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Nasalis among the odd-nosed colobines or The “Nasalis Paradox” (proboscis monkeys part II)

The views expressed are those of the author and are not necessarily those of Scientific American.


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Yay, more primates. Right?

Yet another well adorned male Proboscis monkey. Photo by Bjørn Christian Tørrissen, licensed under Creative Commons Attribution-Share Alike 3.0 Unported license.

Before moving on to other things (the list of subjects that need to be covered at Tet Zoo ASAP is now worryingly and impractically long), I must finish with the Proboscis monkey Nasalis larvatus [adjacent photo by Bjørn Christian Tørrissen].

In the previous article I discussed various aspects of this fascinating monkey’s distribution, ecology and behaviour. We also looked at the fact that – like so many Bornean endemics – it’s endangered by habitat loss and fragmentation. In this second article on the species we look at what I’ll call the “Nasalis Paradox”, and at the position of the species with respect to its relatives.

Despite frequent references in popular texts on primates to limb proportions and hand and toe form, surprisingly little technical information is available on the anatomy of the Proboscis monkey. Well, I shouldn’t really refer to this absence of information as ‘surprising’ given that anatomical data on any given animal is typically hard or impossible to find. Like so many animals, the Proboscis monkey is definitely full of surprises. Matsuda et al. (2011) recently showed that it practices merycism: that is, it regurgitates partially digested plant food, chews it, and swallows it again. That’s right – the Proboscis monkey is a ‘cud-chewing’ ruminant, convergent with artiodactyls (and those other mammals that chew the cud). So far as we know at the moment, the Proboscis monkey is unique among primates in this respect.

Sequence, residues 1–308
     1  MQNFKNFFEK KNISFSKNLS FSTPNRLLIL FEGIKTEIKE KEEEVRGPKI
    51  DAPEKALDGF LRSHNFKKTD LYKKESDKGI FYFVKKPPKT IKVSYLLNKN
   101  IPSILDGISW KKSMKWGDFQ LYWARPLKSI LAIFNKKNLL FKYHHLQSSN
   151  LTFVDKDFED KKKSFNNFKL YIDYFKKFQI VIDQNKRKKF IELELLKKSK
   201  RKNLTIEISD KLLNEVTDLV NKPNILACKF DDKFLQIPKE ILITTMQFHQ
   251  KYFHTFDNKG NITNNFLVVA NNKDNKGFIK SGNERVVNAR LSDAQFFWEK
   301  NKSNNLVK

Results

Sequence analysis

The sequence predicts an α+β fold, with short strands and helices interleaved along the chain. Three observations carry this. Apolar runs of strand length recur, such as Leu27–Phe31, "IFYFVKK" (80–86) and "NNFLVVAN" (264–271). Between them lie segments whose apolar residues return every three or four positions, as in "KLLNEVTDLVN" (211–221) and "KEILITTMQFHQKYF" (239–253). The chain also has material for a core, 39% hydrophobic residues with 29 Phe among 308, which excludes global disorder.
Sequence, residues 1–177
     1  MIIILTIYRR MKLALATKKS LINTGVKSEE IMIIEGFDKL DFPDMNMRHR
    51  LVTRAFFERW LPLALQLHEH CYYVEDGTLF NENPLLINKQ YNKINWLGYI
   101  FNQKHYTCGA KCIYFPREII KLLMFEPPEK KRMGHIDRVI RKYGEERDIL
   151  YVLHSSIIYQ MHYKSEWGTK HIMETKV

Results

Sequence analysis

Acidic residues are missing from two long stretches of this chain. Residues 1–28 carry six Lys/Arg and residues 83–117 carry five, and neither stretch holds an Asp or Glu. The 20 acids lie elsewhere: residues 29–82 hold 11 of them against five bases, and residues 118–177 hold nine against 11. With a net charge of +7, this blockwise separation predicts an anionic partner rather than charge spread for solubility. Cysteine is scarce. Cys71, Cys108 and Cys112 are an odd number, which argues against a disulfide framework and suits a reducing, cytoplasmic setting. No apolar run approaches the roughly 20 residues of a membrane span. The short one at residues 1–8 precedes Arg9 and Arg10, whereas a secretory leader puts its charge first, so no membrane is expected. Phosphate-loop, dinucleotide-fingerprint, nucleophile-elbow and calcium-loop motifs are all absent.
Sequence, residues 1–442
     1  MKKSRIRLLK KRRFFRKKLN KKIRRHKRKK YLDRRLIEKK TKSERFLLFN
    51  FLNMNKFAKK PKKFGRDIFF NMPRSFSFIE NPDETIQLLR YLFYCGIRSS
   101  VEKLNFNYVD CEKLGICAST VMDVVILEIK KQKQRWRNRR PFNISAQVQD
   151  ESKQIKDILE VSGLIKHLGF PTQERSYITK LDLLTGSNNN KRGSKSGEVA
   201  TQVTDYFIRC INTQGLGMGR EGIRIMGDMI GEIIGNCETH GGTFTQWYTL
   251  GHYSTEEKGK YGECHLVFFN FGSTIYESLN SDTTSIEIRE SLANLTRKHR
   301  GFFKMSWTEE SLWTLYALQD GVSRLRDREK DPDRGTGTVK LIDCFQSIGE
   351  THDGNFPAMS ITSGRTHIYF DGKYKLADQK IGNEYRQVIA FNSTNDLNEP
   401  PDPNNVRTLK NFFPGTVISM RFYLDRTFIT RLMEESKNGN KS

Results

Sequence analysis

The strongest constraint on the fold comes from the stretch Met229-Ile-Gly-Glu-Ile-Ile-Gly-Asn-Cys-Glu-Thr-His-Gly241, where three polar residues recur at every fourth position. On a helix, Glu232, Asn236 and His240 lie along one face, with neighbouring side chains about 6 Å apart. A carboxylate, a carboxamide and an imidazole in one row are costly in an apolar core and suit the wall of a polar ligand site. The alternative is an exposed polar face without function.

Many monkeys are highly flamboyant. This is one of the pig-tailed macaques (either Macaca leonina or M. nemestrina). Macaques like this are somewhat similar in coat colour, body proportions and so on to the Proboscis monkey.

Another thing that makes the Proboscis monkey especially interesting is the contention that it seems to be one of those animals that leads a lifestyle that it’s seemingly not well adapted for (regular readers will recall my recent mention of the “Anatomy is not destiny” maxim, one of my favourite concepts in historical biology). Its limb proportions, tooth anatomy (it exhibits strong alveolar prognathism*) and skin and coat colour are all of a sort normal for strongly terrestrial monkeys, like macaques, not arboreal ones. The strong sexual dimorphism present in the species is also more typical of terrestrial monkeys than arboreal ones. To quote Brandon-Jones (2006), “These adaptations indicate that the genus evolved in woodland characterized by an openness demanding considerably more terrestrial locomotion than the mangrove and lowland rainforest it currently inhabits” (p. 341). This is the “Nasalis Paradox”.

* That is, the sockets of its teeth are directed so that the teeth themselves project outwards from the jaws.

As I hope to explain here, we get a better perspective on this issue by thinking about things in a tree-based (that is, phylogenetic) context: how does the Proboscis monkey compare in morphology and habitat choice to its close relatives? Is it really such a paradox, or have we been duped by misleading anatomical similarities? In order to investigate this further, we need to visualise the Proboscis monkey within phylogeny [photo below by Frank Wouters].

Male and female Proboscis monkey engaging in allogrooming. Nice view of the pelage details. Photo by Frank Wouters, licensed under Creative Commons Attribution 2.0 Generic license.

Whereabouts do Proboscis monkeys belong within the Old World monkey radiation? They’re certainly colobines* but, beyond that, there has been a reasonable amount of disagreement; in fact, the phylogeny of Asian colobines has become a fairly hot topic within Old World monkey research since about 2003.

* There have been several efforts to get Colobinae – the sister-group of Cercopithecinae – ‘upped’ in rank to become Colobidae. Most texts, however, still list Colobinae and Cercopithecinae as ‘subfamilies’ of Cercopithecidae.

Many odd-nosed colobines are elaborately ornamented, colourful monkeys. This is a Red-shanked douc (Pygathrix nemaeus). Photo by Bjørn Christian Tørrissen, licensed under Creative Commons Attribution-Share Alike 3.0 Unported license.